Discussion



Maintaining good oral and prosthesis hygiene is a common problem encountered by dentists in patients using dental prosthesis. Candida albicans infection is a common finding in people with poor denture hygiene. Particles of food entrapped between the denture and the denture-bearing tissues allow multiplication of microorganisms, resulting in mucosal injury, flabby hyperplastic tissue, chronic mucosal irritation, denture stomatitis, and multiple papillomatosis. This problem is compounded in geriatric patients due to lack of motivation and basic knowledge on hygiene maintenance or physical limitations.[1],[5]

The surface finish of the denture base resin plays a role in bacterial growth, which in turn affects the health of tissues contacting the denture base. Rough surfaces promote plaque accumulation and colonization of bacteria.[4] The adherence of microorganisms on the surface of hard acrylic resins is the first step for the colonization and development of an oral infection in denture wearers. Therefore, acrylic should have the smoothest surface possible to reduce biofilm formation. This in turn will reduce mucosal inflammation and facilitate denture cleaning.[6] These rough surfaces can be avoided by proper finishing of dentures, which involves both abrading and polishing.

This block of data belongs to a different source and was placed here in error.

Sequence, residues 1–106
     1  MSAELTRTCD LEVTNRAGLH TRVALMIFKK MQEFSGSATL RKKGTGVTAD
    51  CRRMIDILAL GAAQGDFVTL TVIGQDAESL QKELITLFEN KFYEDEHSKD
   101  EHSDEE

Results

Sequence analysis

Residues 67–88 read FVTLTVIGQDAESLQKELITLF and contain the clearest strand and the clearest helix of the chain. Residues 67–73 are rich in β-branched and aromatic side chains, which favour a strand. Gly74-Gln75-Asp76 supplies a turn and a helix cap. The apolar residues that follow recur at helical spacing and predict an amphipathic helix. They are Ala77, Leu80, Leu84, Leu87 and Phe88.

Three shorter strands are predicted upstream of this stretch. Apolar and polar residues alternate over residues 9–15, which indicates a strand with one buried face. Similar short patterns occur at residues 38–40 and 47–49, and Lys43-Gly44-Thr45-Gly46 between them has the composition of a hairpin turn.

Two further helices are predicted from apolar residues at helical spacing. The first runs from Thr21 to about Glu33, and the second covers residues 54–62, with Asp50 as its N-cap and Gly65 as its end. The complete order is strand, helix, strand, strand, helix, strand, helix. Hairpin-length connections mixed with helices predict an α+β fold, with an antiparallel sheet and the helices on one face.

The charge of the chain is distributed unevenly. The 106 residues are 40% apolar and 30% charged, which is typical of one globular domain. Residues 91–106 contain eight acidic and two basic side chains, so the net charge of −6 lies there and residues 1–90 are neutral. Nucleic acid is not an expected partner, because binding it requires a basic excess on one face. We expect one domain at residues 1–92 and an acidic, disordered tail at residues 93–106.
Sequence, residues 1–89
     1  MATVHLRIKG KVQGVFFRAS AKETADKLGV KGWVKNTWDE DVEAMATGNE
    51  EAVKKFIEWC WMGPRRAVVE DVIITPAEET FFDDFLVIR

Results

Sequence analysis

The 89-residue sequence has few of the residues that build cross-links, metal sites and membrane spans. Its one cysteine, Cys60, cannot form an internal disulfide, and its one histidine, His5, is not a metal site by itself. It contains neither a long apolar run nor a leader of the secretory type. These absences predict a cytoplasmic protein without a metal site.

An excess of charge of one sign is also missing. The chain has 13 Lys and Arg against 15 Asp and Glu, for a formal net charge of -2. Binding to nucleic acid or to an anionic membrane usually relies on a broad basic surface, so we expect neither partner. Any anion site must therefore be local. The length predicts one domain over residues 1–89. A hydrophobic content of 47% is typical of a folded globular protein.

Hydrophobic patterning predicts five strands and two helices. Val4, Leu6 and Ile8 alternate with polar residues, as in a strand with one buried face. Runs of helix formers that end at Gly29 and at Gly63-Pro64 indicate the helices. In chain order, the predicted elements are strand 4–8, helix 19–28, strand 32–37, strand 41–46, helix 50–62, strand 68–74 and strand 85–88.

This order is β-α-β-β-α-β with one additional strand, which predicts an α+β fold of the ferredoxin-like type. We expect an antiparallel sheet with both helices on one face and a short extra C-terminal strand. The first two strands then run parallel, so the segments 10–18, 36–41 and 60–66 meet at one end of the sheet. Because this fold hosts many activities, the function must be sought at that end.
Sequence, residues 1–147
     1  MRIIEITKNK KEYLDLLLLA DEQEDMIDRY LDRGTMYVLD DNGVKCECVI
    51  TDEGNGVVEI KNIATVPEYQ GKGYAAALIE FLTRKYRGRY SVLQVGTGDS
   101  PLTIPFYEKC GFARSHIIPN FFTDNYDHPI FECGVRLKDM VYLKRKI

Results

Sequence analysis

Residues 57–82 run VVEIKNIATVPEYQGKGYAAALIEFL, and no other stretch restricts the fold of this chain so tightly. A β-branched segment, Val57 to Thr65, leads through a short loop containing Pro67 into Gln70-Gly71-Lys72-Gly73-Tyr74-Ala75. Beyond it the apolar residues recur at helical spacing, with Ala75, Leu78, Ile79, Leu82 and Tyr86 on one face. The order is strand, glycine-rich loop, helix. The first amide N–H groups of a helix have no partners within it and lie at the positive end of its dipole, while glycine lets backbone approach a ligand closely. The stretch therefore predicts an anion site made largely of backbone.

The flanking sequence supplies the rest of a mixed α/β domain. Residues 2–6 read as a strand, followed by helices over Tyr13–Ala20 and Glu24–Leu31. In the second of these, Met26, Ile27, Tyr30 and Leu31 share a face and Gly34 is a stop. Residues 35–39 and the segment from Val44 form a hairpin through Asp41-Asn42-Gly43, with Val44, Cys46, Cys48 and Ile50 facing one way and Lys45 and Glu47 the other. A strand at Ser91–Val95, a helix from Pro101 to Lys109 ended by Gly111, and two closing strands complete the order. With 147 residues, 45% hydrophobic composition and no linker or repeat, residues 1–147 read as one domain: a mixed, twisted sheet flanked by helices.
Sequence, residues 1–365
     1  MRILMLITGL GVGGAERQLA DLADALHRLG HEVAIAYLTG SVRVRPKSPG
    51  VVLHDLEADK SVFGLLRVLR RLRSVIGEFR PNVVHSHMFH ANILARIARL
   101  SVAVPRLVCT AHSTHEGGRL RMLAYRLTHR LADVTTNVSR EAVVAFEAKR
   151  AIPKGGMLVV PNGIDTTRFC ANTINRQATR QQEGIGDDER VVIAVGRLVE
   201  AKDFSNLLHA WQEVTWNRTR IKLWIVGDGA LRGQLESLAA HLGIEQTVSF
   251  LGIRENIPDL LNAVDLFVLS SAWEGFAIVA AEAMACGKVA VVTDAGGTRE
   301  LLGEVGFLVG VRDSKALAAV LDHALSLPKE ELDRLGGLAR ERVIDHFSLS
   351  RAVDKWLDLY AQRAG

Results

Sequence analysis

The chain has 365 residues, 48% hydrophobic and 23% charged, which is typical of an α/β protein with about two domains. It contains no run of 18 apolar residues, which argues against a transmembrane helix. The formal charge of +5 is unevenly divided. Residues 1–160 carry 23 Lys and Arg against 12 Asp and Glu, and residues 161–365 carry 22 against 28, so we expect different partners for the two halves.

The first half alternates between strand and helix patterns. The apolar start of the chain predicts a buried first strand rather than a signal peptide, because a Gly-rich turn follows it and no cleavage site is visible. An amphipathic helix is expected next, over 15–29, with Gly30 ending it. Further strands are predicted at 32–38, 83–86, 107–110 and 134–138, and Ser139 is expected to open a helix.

The materials used for finishing and polishing denture base are primarily abrasives. Finishing abrasives are hard and coarse abrasives that are used for removing gross irregularities on the surface, whereas polishing abrasives have finer particle sizes and are used to smoothen surfaces that have been roughened by finishing abrasives.[7] Serra et al. found that the acrylic resin surface can be finished and polished using multilaminated burs, wood sandpaper, water sandpaper, pumice, and low abrasive liquids.[8] The results of the study conducted by Al-Rifaiy showed that mechanical polishing produced smoother surfaces than chemical polishing.[4] The denture base material used in this study after processing was finished using fine-grade tungsten carbide bur and 120 grit sandpaper and polished using a rag wheel and a felt cone with pumice slurry.